Alfred Mullett, the chief architect, based his design on the towering Second Empire-style architecture dominant in France during the mid-1800s. The style is characterized by its curvaceous lines and ornate decoration.
Mullet also designed some of Washington, D.C.'s most famous public buildings, including the Supreme Court Building and National Museum of Natural History. He had a hand in many other landmarks across the city, such as the Cathedral of St. Matthew the Apostle and St. Paul's Church.
Mullet died in 1873 at the age of 52. Although he was not the first American to practice architecture, he is still considered one of the founding fathers of modern architecture. His innovative use of steel frames and interior finishes made him popular with politicians and the public alike.
Furthermore, Mullet's work has been cited as an influence on other architects, most notably H.H. Richardson and William Whitman.
After graduating from the School of Architecture at the University of Pennsylvania in 1872, Alfred Mullet opened his own office in Washington, D.C. That same year, he was appointed chief architect for the Department of War and retained this post until his death.
The bulk of the tenement buildings that began to grow up on the Lower East Side in the 1830s were planned by German architects and built by German and Jewish builders, many of whom looked a lot like the poorer, less educated immigrants who lived in them. The Germans hired Irishmen to work for them; the Jews usually hired Poles or Russians.
In fact, it was another Jewish immigrant, Louis Horowitz, who invented much of what we take for granted today in New York City construction. He is credited with designing the first iron frame building in 1835. Two years later, he opened up a shop across from his home on Broome Street where he made and repaired windows, doors, and shutters. His son continued the business after his death, and in 1853, incorporated it into a company called The American Window Company. Today's Standard Windows are still made in Brooklyn by another descendant of Louis Horowitz.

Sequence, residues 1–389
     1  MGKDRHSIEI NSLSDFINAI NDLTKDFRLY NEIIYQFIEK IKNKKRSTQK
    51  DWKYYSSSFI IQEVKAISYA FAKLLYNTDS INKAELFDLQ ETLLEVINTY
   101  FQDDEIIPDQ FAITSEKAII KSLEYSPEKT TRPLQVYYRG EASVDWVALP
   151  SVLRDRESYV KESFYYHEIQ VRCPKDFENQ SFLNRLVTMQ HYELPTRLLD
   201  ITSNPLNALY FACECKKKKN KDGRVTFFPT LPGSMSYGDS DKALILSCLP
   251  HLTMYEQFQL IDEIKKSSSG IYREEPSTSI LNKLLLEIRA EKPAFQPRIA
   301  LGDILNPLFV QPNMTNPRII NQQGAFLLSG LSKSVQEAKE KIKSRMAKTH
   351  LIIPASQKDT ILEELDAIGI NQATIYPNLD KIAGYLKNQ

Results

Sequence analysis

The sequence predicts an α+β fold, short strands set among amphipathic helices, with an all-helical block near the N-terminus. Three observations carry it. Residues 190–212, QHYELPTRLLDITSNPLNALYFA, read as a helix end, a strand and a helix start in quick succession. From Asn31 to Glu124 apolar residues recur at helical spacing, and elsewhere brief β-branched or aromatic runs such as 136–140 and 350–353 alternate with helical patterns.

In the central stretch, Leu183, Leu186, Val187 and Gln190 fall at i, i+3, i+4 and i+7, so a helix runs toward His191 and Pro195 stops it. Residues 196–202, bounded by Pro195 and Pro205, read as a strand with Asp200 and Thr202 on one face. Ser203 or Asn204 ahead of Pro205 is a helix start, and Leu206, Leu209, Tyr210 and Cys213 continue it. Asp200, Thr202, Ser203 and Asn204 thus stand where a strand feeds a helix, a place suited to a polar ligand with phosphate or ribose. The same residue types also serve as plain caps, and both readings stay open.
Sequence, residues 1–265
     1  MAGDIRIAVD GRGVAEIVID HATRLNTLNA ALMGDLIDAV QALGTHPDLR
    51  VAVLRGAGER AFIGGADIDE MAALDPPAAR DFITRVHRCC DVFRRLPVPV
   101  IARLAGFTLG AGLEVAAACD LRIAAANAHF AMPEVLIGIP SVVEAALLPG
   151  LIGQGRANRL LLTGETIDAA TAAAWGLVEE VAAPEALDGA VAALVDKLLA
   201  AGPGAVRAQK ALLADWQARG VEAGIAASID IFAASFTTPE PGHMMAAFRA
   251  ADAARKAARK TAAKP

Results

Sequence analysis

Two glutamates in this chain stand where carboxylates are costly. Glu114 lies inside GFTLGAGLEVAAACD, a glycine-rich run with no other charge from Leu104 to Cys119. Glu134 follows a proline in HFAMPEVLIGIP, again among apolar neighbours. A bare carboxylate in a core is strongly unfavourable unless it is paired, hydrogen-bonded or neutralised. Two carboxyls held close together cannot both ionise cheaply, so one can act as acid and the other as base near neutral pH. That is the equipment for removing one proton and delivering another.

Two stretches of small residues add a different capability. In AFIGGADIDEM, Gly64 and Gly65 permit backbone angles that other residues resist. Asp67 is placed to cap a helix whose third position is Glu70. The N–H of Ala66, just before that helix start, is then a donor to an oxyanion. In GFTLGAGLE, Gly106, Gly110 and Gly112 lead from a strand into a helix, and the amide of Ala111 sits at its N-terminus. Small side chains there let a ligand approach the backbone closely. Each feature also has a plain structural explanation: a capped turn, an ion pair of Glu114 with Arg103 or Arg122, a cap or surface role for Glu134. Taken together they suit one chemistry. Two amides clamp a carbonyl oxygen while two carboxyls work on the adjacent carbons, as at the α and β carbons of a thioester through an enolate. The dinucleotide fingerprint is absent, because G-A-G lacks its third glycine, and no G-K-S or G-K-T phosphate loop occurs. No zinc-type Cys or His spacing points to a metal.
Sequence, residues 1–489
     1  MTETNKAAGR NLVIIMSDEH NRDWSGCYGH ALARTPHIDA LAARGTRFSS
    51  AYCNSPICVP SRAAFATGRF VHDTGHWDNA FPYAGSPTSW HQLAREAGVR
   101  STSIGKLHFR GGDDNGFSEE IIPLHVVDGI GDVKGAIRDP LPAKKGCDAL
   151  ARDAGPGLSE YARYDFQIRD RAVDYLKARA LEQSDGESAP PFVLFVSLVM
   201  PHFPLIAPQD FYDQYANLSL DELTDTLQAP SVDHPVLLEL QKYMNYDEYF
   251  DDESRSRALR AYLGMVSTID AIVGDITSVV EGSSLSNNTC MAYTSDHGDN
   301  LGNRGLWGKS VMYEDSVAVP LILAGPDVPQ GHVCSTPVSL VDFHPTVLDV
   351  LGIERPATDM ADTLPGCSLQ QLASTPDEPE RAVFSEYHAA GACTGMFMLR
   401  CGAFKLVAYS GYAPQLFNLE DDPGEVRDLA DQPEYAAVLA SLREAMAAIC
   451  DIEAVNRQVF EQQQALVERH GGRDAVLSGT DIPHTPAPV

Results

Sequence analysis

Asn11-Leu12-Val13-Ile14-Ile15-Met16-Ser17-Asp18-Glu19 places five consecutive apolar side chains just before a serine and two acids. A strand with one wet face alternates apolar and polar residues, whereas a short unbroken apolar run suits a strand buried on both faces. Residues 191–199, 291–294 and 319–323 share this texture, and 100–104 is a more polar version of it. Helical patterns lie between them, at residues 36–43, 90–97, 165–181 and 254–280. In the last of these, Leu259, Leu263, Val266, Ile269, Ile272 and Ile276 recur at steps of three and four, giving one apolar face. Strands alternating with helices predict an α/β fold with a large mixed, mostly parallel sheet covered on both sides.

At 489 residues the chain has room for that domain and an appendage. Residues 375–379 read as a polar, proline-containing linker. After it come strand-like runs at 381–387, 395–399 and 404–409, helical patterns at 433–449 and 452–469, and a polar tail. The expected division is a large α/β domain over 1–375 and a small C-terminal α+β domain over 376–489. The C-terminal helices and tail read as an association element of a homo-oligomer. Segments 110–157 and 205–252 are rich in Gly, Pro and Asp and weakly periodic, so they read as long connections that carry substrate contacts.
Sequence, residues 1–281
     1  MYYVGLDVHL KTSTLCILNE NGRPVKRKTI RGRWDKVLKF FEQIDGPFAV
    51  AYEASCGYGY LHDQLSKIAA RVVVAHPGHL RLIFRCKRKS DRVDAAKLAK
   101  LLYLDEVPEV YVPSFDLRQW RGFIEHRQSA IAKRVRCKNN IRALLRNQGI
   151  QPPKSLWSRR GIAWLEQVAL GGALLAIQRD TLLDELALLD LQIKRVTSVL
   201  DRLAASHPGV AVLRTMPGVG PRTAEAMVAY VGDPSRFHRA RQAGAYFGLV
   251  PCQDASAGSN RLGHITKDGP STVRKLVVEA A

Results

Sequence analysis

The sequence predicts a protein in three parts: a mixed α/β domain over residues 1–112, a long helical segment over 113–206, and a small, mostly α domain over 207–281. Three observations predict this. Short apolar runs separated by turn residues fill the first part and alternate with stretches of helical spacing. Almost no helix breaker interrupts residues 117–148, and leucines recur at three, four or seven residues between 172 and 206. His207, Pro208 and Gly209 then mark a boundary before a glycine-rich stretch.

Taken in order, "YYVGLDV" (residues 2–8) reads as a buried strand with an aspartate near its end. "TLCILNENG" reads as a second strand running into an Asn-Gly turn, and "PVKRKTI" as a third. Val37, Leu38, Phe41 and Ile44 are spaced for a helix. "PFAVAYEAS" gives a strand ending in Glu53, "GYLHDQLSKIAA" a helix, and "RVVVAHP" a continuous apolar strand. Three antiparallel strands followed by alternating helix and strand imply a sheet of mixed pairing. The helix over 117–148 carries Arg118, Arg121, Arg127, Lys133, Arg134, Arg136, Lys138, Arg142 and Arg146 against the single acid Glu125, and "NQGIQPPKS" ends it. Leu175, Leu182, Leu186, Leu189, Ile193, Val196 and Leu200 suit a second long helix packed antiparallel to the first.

The city's next major wave of construction came after the Civil War when wealthy Americans started moving back into the city. These new apartments were designed by leading architects of the day such as Henry Hobson Richardson, William Waldorf Astor, and John McArthur. They were built using standardized components that could be bought in open markets or through mail-order catalogues. These components included steel frames with brick or stone walls, floor-to-ceiling windows, marble or wood entryways, and gas plumbing systems.
It was erected in 1920 for Ambassador Irwin Boyle Laughlin, who filled it with his enormous collection of French paintings and Oriental ceramics. It was created by American architect John Russell Pope. The Laughlin family owned it until 1960, when it was bought by the non-profit Meridian International Center. Today, it is a museum devoted to world culture.
Pope was born on August 5th, 1846 in Boston, Massachusetts. He was the son of an affluent family who owned a large brick manufacturing business. Young John spent his early years helping out in the office before deciding he wanted to be an architect. In 1865, at the age of twenty-one, he started studying architecture at the Massachusetts Institute of Technology. Here he met a young woman named Anna Goodrich. They fell in love and married that same year.
After graduating from MIT, Pope went to work for a firm in Boston before setting up his own practice in 1872. One of his first projects was the renovation and enlargement of an old mansion in Cambridge called "The Groves". This project earned him many new clients and soon he became one of the most respected architects in Massachusetts.
In 1890, Pope was invited to go abroad as chief architect for the U.S. State Department. During his tenure in France, he designed several buildings including two museums in Paris: the Musée Guimet and the Museé Carnavalet. He also designed the Embassy building in London.
Louis Sullivan's Legacy He was a key player in both the Chicago School of Architecture and the Prairie School, and his aesthetic impact can be seen in the designs of others who worked with him at Adler & Sullivan, such as Frank Lloyd Wright, Marion Mahony Griffin, and Thomas Tallmadge.
Born in New York City on January 19, 1856, Louis Sullivan grew up in a wealthy family. His parents were Irish immigrants who owned a grocery store. He had two sisters.
At the age of 21, he dropped out of Columbia University to work for a firm of architects in New York City. Here he learned the basics of architecture from his colleagues and developed some original ideas of his own. In 1879, at the age of 25, he set off for Chicago to start his own practice.
Over the next seven years, he designed dozens of buildings, including schools, churches, and libraries, all across America. He also got involved in politics, running for mayor of Chicago twice but failing to win an election. Finally, in 1886, he founded the National Association of Architectural Students (NAAS), which is still active today in various cities across the world.
In 1889, after settling in Chicago, he began to design houses for rich clients. These commissions helped him gain experience and build up his reputation. Over time, his style became more and more unique and revolutionary.